PW Picks: Books of the Week, December 6, 2021 – Publishers Weekly

The books we love coming out this week include new titles by Robert Gottlieb, Mick Herron, and Lyndsay Faye.
« More than any other star, » Greta Garbo « invaded the subconscious of the audience, » writes veteran editor Gottlieb (A Certain Style) in this searching and sensitive portrait of the actor. Though « only the camera knew » what went on behind her « amazing eyes, » Gottlieb follows Garbo from her impoverished Swedish childhood (during which she frequented soup kitchens) through to her beginnings in film and her remarkable career as an MGM star. He covers her life out of the spotlight, too, including her reclusive nature (« When she died, there was plentiful evidence of how ordinary and how dull the real woman had been, » wrote critic David Thomson), cross-dressing (which she'd « always enjoyed »), and art collecting (within a month of getting into it, she bought three Renoirs). Garbo's life was full of contradictions, Gottlieb writes: she « insisted on being independent » yet lived mostly under the thumb of MGM, and called America home yet had « no connection to it. » A lengthy « Garbo reader » full of excerpts and articles about her rounds out Gottlieb's perfectly paced account—it includes Harriet Parsons's 1931 piece « 24 Hours with Greta Garbo, » Kenneth Tynan's 1954 Sight and Sound profile, and quotes from her colleagues including Billy Wilder, Edmund Goulding, and Clarence Brown—and the wealth of photos is a plus. The result is a masterful look at an elusive Hollywood giant. 
The 11 entries in British author Herron’s first story collection offer wit, original metaphors, surprising plots, and seemingly placid scenes full of sinister undercurrents. Highlights include the seamlessly constructed title story, in which a man can’t convince the police that his missing wife has been abducted, and the wonderfully deceptive “Lost Luggage,” in which a young couple stop at a motorway service station and engage in a bit of people watching. “All the Livelong Day” elegantly teases back layers of expectation that lead readers from a simple hike through dramatic countryside to claustrophobic horror. Four stories feature Herron’s Oxford private investigators, Zoë Boehm and Joe Silvermann. In one of them, “Proof of Love,” each of the detectives confronts—in their own very different ways—a blackmailer. The distant past of MI5 spymaster Jackson Lamb, another of Herron’s series characters, is poignantly explored in “The Last Dead Letter.” Herron (This Is What Happened), who has received CWA Gold and Steel Dagger awards, is sure to win new fans with this one.
With the keen eye of a detective and persistence of a genealogist, researcher Marks unravels the complicated story of “nanny wonder” Vivian Maier (1926–2009), one of the 20th century’s most enigmatic street photographers. When Maier’s photographs first came to light in 2007, she quickly became a phenomenon in the art world for her “keen grasp of the serendipitous choreography of daily life,” and, until now, her mysterious personal history. Here, Marks paints the “full picture” of Maier’s life, from a fraught childhood with her single mother in France, to her teenage years in New York City in the 1930s, and, later, her 40-year avocation as a photographer, which she juggled alongside her job as a caregiver for various families (“Vivian had a foot in each world”). Drawing from her extensive access to Maier’s archives, Marks vividly evokes a woman full of both tragic and amusing complexities, who struggled with paranoia and a hoarding disorder, was a tireless civil rights advocate, and had as much of an affinity for photographing moments of “human affection” as she did the “oft-ignored elderly.” In doing so, the author shines a light on the “intelligence, creativity, [and] passion” behind Maier’s preternatural ability to capture “the universality of the human condition.” This definitive account will leave readers in awe.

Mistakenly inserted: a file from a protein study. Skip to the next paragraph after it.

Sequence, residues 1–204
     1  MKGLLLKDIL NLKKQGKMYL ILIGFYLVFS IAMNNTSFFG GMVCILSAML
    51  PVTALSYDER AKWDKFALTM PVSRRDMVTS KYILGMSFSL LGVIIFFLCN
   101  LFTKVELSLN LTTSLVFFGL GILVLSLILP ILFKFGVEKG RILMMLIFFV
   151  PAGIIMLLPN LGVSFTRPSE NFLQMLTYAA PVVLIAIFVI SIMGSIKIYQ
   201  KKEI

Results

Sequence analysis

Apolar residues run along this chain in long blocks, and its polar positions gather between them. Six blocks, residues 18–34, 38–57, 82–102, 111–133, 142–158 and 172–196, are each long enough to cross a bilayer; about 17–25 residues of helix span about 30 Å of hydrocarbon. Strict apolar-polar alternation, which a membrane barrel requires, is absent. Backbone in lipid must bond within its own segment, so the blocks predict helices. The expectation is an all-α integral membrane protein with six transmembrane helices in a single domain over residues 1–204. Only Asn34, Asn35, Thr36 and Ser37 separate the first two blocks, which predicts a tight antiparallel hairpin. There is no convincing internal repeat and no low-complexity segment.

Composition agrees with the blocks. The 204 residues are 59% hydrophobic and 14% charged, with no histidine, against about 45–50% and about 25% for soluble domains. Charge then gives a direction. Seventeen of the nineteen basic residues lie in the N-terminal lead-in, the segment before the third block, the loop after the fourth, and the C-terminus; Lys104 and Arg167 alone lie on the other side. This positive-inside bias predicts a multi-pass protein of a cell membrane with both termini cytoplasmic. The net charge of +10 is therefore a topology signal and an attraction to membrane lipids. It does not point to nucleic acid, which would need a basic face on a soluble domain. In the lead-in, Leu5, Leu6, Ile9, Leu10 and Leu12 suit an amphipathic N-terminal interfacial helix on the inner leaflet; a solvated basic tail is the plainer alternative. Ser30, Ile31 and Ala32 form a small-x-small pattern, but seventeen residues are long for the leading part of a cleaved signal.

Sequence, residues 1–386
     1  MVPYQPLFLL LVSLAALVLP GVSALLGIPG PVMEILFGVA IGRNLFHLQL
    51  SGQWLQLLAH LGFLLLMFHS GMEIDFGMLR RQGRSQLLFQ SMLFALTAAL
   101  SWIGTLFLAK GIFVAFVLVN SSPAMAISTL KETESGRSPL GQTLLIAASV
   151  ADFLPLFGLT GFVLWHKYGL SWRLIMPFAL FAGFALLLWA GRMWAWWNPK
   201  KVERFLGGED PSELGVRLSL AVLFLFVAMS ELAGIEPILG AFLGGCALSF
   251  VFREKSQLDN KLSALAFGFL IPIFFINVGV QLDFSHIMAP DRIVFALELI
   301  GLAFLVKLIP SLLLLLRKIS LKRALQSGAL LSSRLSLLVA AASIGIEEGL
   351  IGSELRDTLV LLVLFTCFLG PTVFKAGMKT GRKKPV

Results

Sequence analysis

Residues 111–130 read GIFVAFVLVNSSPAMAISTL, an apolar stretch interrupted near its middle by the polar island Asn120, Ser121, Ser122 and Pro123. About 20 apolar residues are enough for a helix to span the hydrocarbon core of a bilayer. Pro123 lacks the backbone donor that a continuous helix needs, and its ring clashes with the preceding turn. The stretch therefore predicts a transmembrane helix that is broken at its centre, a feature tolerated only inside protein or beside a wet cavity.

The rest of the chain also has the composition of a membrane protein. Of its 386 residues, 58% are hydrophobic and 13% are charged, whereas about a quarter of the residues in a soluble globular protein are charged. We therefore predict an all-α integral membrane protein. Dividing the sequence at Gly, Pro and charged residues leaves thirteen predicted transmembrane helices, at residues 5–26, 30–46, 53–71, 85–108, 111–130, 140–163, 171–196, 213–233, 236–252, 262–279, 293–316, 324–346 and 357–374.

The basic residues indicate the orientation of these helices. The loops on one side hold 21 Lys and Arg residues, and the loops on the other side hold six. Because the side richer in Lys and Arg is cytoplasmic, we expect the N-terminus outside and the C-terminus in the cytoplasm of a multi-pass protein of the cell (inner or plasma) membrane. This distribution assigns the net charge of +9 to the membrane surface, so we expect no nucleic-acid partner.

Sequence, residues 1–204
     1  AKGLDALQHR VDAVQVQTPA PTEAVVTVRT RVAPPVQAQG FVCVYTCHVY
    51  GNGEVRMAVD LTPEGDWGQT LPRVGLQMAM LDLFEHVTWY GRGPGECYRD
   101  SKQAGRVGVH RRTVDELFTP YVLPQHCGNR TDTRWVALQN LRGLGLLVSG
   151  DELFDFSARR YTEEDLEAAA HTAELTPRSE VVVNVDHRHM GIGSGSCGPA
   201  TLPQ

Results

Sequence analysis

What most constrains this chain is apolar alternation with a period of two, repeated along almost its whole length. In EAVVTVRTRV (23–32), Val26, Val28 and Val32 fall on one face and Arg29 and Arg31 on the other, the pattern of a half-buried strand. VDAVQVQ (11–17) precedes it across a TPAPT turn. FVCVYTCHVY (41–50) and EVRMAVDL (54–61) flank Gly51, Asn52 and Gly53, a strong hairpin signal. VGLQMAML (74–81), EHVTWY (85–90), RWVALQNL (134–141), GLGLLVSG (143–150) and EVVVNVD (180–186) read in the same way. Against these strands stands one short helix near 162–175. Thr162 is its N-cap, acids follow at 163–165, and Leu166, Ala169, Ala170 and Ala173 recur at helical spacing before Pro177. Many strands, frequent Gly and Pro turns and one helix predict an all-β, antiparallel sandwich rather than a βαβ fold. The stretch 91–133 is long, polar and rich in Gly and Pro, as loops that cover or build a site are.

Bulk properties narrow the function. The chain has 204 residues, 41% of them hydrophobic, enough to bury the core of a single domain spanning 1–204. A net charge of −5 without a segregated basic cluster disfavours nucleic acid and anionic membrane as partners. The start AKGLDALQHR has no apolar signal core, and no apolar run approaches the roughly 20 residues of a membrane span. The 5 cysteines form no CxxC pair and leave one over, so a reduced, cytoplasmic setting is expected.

Illustrator, cartoonist, and animator Blechman (The Juggler of Our Lady) gets the coffee-table book treatment with this witty and comprehensive double-sided volume collecting both his cartoons (on “one hand,” or side of the book) and essays (found on the other side, flipped). His energetic and loose line informs his trenchant satirical comics, such as reimagining Shakespeare’s career or Goethe trying to chase down his youth. Blechman’s career doing illustrations for advertising no doubt informed his parody of Kafka’s Metamorphosis, wherein Kafka himself wakes up one morning turned into a cartoon and only earns respect because an insurance logo walked into the strip. His retelling of “The Pied Piper of Hamlin” is a masterpiece of minimalist drawing and a satire of conspicuous consumption. The collection also reproduces his colorful, scratchy, and witty gag covers for Story magazine. The flip side pulls together essays and interviews with such artists as Saul Steinberg and David Levine, in which Blechman proves just as nimble and playful in prose as in cartooning. The final essay, “I’m Not Finished,” a meditation on aging, is also an act of defiance against the concept of retiring as an artist. This well-designed work is both long deserved and a spectacular showcase for Blechman’s storied career.